Join Tom Hudson as he speaks with Tia Mitchell of the Tampa Bay Times, Margie Menzel of the News Service of Florida, Brendan Farrington of the Associated Press, Sammy Mack of WLRN-Miami Herald News and Patricia Mazzei and Melissa Sanchez of the Miami Herald.

Share your thoughts on the week’s news below in a live chat  curated by our digital editor Maria Murriel.

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The Florida Roundup
12:15 pm
Fri December 13, 2013

Handcuffs And A Handshake: A Roundup Of This Week In South Florida

Alex Saleh, owner of 207 Quickstop, a convenience store in Miami Gardens, had hours of video footage showing police questioning or arresting black customers, who, records show, had committed no serious crime.
Credit Alex Saleh

 

Allegations that Miami Gardens police harassed and intimidated black employees and customers at one convenience store has led to the resignation of that city’s police chief. Julie Brown from the Miami Herald says that the city's police chief, who is black, is actually a rarity: nearly all of the commanders and most squad officers are white and Hispanic, although Miami Gardens is predominantly black.

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Art Basel
8:20 pm
Fri December 6, 2013

#WhatIsArt Project: Do You Know It When You See It?

Marcel Duchamp's "Fountain" (1917) prompted lots of debate about what was considered art, although it is now generally considered an icon of 20th-Century art. Can you identify which one is the masterpiece? Hint: It's not the goth one.
Credit Elaine Chen / WLRN

The Florida Roundup
12:00 pm
Fri December 6, 2013

Do You Want To Vote On Dope?

If state Attorney General Pam Bondi doesn't get her way, Florida could see signs like the one above.
Credit KayVee.INC / Creative Commons/Flickr

On The Florida Roundup: The Florida Supreme Court listens to arguments over allowing a public referendum on legalizing marijuana for medical purposes in Florida.

And Miami’s art party hits full force with a new museum.

Host Tom Hudson speaks with NPR’s Greg Allen, Dara Kam of the News Service of Florida, Tim Padgett and Alicia Zuckerman of WLRN-Miami Herald News, and Patricia Mazzei of The Miami Herald. 

Art Basel
6:13 pm
Wed December 4, 2013

#WhatIsArt? Project: These Are Our First Creative Memories

Recall the days when you made art almost every day? Tell us the first creative thing you can remember by tweeting us with #Whatisart.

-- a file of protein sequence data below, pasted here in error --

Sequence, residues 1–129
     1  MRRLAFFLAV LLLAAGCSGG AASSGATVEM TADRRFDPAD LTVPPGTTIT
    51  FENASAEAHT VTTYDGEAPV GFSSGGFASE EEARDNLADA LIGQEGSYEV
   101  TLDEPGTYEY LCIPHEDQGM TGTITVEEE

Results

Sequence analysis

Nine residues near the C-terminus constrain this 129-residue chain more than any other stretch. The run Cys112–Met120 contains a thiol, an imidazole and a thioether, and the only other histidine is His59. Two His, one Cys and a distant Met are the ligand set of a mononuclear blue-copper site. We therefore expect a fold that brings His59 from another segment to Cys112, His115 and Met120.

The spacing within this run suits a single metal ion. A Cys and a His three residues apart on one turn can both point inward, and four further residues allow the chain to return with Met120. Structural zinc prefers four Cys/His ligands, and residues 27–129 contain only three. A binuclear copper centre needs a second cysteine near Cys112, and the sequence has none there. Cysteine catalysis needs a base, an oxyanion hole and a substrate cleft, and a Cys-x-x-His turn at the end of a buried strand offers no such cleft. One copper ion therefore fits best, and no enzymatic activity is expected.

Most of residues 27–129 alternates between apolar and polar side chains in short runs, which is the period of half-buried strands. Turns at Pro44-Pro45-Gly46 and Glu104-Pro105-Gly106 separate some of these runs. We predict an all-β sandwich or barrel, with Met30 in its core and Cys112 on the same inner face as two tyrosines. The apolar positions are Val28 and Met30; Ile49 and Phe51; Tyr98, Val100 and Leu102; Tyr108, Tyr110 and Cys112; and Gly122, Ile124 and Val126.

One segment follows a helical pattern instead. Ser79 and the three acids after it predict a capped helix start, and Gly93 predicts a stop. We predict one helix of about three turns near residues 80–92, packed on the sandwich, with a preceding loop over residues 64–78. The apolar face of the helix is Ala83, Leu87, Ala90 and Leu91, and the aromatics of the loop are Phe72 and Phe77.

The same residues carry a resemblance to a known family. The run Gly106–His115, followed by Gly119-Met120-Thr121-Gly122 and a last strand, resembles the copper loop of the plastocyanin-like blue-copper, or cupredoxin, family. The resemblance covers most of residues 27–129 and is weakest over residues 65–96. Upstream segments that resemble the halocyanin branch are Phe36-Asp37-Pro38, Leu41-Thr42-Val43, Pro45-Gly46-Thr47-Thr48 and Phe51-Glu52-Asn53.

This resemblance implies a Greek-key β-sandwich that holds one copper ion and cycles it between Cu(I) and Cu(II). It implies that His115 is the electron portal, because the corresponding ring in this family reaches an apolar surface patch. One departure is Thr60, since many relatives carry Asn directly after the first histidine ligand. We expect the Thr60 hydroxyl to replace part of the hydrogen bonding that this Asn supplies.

Credit Tom Hudson

As Art Basel Miami Beach gets underway, we’re thinking about what it means to be an artist. Though many would deny being an artist, we have all probably experienced a time when we embraced the title: childhood.

We asked our staff, “What’s the first creative thing you can remember doing?” The answers prompted lots of fun conversations about early aspirations to be the next big animator, choreographer or roller coaster designer. Try it with your friends.

And let us know on Twitter @WLRN using #whatisart.

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If I Were Mayor
4:58 pm
Mon November 25, 2013

Miami Beach Mayor Philip Levine Responds To Your Ideas

Philip Levine, the new mayor of Miami Beach and a cruise ship media CEO, spent about $2 million on his campaign. A little over 11,000 people voted in the election.

For our If I Were Mayor project, we asked what you would do if you were in charge of your town. Now, after the elections, we’re taking your ideas to the mayors. I spoke to Philip Levine, who was sworn in as the new mayor of Miami Beach Monday, Nov. 25.

This is Levine's first time in elected office; he is the CEO of a multi-million dollar cruise ship media business. 

Here are highlights from that interview:

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The Florida Roundup
2:48 pm
Fri November 22, 2013

Thousands Demand Resignation Of Haitian President Martelly

Monday was a national holiday marking Haiti's fight for independence, but many marked the day by protesting against corruption and delays in legislative and local elections under Haitian President Michel Martelly (center).
Credit European Parliament / Creative Commons/Flickr

    

On our rundown: violent protests by thousands against Haitian President Michel Martelly, the Dominican Republic’s decision to strip the citizenship of Dominicans of Haitian descent, and allegations that the Fort Lauderdale and Miami Gardens police are engaging in racial profiling. Plus: we look at how the Miami Book Fair has grown since it began 30 years ago.

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Miami Book Fair International
9:07 am
Thu November 21, 2013

Tweet Us A Poem: Your Co-Authored Poem With Richard Blanco

Credit Elaine Chen

From our prior literary projects, we know South Florida has a lot of aspiring bards. So in celebration of the 30th anniversary of the Miami Book Fair International, we asked you to help us tweet-compose a poem. 

Richard Blanco -- a Miami-raised poet who wrote the presidential inaugural poem this year -- started us off with the first line: "Why the stars?  Well, just look up, look"

We left the rest up to you. Read the result below.